Using statistical properties of short subsequences in microbial identification

Sergei Chumakov, Catherine Putonti, B. Montgomery Pettitt, George Fox, Richard C. Willson, Yuriy Fofanov

Research output: Chapter in Book/Report/Conference proceedingConference contribution

1 Scopus citations

Abstract

The comparative analysis of distributions of the presence/absence of short subsequences of different length ("n-mers", n = 5 - 20) in more than 100 microbial genomes has been performed. Our results show that for organisms, which are not close relatives of each other, the presence/absence of different 10-20-mers in their genomes are not correlated. For close biological relatives, some correlation of the presence of n-mers appears, but is not as strong as expected. Suppressed correlations among the n-mers present in different genomes lead to the possibility of using random sets of n-mers (with appropriately chosen n) to discriminate genomes of different organisms with a low probability of error. We have performed in silico experiments to demonstrate that the presence/absence pattern of 1000 random oligomers of length 12-13 in a bacterial genome is sufficiently characteristic to readily and unambiguously distinguish any known bacterial genome from any other.

Original languageEnglish (US)
Title of host publicationProceedings of the International Conference on Mathematics and Engineering Techniques in Medicine and Biological Sciences, METMBS'04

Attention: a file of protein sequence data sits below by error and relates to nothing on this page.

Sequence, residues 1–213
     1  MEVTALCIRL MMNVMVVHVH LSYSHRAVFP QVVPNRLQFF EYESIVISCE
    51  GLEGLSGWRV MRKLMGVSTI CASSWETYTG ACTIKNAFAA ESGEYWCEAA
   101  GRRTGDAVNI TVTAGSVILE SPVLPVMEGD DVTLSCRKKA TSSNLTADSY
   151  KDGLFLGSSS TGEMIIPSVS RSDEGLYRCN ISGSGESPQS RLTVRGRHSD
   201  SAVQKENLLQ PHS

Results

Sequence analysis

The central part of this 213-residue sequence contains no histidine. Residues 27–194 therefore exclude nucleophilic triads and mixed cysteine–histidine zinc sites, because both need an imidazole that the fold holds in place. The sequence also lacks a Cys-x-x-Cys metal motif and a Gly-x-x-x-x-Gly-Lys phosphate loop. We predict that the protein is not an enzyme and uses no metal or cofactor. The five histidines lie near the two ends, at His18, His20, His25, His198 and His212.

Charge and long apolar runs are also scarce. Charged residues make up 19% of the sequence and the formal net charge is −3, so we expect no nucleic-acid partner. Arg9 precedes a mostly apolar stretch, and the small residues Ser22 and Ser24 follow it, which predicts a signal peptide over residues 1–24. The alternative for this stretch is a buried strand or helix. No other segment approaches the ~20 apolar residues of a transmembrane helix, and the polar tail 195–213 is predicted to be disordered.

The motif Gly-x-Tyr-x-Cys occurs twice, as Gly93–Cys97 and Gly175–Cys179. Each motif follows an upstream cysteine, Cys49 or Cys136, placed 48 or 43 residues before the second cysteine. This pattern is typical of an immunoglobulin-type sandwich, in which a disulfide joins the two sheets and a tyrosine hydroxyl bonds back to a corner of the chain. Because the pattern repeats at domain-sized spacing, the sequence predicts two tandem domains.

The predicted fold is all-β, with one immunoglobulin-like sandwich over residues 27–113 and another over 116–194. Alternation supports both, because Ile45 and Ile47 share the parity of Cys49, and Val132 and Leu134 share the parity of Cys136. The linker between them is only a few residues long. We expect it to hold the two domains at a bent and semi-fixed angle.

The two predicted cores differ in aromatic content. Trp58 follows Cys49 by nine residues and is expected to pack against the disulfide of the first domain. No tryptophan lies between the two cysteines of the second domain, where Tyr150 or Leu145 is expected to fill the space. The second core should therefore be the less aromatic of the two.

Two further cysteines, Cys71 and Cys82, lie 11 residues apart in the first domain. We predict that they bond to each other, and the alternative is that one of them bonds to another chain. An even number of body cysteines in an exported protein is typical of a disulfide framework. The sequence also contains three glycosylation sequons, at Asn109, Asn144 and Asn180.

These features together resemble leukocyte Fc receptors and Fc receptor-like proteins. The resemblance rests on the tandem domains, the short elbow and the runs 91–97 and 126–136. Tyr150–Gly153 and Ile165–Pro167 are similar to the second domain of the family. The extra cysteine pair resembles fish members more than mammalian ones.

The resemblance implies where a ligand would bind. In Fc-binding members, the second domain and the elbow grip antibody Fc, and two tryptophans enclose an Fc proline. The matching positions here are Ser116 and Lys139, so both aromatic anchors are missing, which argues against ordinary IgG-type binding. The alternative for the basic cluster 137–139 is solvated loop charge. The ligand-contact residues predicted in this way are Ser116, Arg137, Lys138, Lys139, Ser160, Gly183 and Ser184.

EditorsF. Valafar, H. Valafar
Pages363-367
Number of pages5
StatePublished - Dec 1 2004
EventProceedings of the International Conference on Mathematics and Engineering Techniques in medicine and Biological Sciences, METMBS'04 - Las Vegas, NV, United States
Duration: Jun 21 2004Jun 24 2004

Publication series

NameProceedings of the International Conference on Mathematics and Engineering Techniques in Medicine and Biological Sciences, METMBS'04

Other

OtherProceedings of the International Conference on Mathematics and Engineering Techniques in medicine and Biological Sciences, METMBS'04
CountryUnited States
CityLas Vegas, NV
Period6/21/046/24/04

Keywords

  • Microarray
  • Pathogen identification

ASJC Scopus subject areas

  • Engineering(all)

Fingerprint Dive into the research topics of 'Using statistical properties of short subsequences in microbial identification'. Together they form a unique fingerprint.

Cite this